Special Master’s Role and Authority
Special Masters’ roles can vary from case to case depending on the complexity and number of parties. Complex matters can require the Special Master to remain involved in all aspects of the case through trial; or, the parties may decide to limit the Special Master’s role to specific issues, for example: pre-discovery initial disclosures; Electronically Stored Information (“ESI”) protocols; exchange of ESI; drafting of case management orders; “hold” dates for fact and expert witness depositions; and/or discovery timeframes/phasing.
Likewise, the Special Master’s authority is dependent on the jurisdiction. Generally, in state courts, the Special Master does not assume the power of the judiciary and cannot issue binding rulings against the parties. Rather, the Special Master serves as an arm of the Court and makes recommendations or insight to the judge. When the parties fail to agree on a topic, the Special Master may be required to make a decision and rule on a particular issue. For example, if the parties agree that depositions need to be limited to a certain number of fact witnesses, but cannot decide on the appropriate number, the Special Master will ultimately rule on the matter and select the deposition limit. However, these “rulings” are still subject to the review and final decision of the Court. Thus, the parties do not hand the reigns of final authority to the Special Master. Rather, by delegating power to the Special Master on certain issues, the hope is that the Special Master will provide clarity and facilitate communication between the parties, rather than just “running to Court” to let the judge decide.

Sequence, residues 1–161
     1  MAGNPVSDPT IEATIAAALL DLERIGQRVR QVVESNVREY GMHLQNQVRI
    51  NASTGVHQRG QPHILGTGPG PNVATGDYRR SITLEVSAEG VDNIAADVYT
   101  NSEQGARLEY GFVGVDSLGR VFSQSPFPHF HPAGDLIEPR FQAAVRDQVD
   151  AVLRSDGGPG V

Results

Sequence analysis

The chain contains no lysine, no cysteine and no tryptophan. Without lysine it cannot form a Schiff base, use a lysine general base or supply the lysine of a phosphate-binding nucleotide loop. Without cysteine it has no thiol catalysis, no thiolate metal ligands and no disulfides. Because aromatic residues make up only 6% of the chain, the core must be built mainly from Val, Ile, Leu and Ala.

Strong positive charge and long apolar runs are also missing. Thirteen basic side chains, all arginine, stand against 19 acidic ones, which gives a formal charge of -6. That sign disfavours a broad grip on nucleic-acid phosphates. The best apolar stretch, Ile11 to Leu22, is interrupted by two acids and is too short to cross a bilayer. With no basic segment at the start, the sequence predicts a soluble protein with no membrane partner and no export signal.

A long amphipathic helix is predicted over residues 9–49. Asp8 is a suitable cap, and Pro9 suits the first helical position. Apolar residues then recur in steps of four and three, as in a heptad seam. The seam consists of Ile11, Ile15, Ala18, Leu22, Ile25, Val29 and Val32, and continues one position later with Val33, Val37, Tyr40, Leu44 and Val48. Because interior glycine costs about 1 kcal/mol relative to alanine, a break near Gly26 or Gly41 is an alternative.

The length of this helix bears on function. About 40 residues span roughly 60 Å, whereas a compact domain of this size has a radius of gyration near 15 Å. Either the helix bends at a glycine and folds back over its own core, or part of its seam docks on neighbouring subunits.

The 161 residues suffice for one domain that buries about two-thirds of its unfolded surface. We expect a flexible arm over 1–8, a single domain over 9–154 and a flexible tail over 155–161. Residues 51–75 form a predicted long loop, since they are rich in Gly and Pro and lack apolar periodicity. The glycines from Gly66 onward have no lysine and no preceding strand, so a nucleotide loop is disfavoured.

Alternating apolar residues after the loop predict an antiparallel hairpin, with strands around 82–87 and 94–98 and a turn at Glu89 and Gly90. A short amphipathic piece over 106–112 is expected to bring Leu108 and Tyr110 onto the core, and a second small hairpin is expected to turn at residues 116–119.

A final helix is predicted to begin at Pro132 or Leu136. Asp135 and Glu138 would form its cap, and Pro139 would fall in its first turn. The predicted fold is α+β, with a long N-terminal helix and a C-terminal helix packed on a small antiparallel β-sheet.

Do All Parties Have a Right to a Special Master?
In federal court, a Special Master may be appointed without the consent of the parties. This typically arises in situations where the Court deems that its own time will be inundated, or the issues are so complex that they are better handled by someone who can spend significant time with the parties. However, in some state courts, like Louisiana, Special Masters can only be appointed with the consent of all parties. Of course, in those particular jurisdictions, a judge’s desire for a Special Master may subjugate the parties’ desire to avoid a Special Master. Thus, if a judge indicates that he or she believes the appointment of a Special Master is necessary and asks the parties to consent, most parties will relent to the judge’s discretion. Ultimately, in that circumstance, the non-consenting party runs a considerable risk of unfavorable rulings in the future by the Court.
Selection of Special Master